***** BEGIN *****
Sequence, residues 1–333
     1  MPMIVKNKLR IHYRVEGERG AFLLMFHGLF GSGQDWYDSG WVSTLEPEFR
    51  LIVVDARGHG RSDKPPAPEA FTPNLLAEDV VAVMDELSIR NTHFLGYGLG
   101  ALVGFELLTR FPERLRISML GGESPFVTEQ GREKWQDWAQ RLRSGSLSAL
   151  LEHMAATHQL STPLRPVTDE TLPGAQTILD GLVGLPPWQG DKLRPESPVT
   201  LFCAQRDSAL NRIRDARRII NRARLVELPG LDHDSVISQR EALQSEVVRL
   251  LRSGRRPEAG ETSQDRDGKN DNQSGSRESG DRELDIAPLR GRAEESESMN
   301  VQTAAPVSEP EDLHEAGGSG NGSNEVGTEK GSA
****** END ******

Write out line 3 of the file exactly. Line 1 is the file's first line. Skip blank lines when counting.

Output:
    51  LIVVDARGHG RSDKPPAPEA FTPNLLAEDV VAVMDELSIR NTHFLGYGLG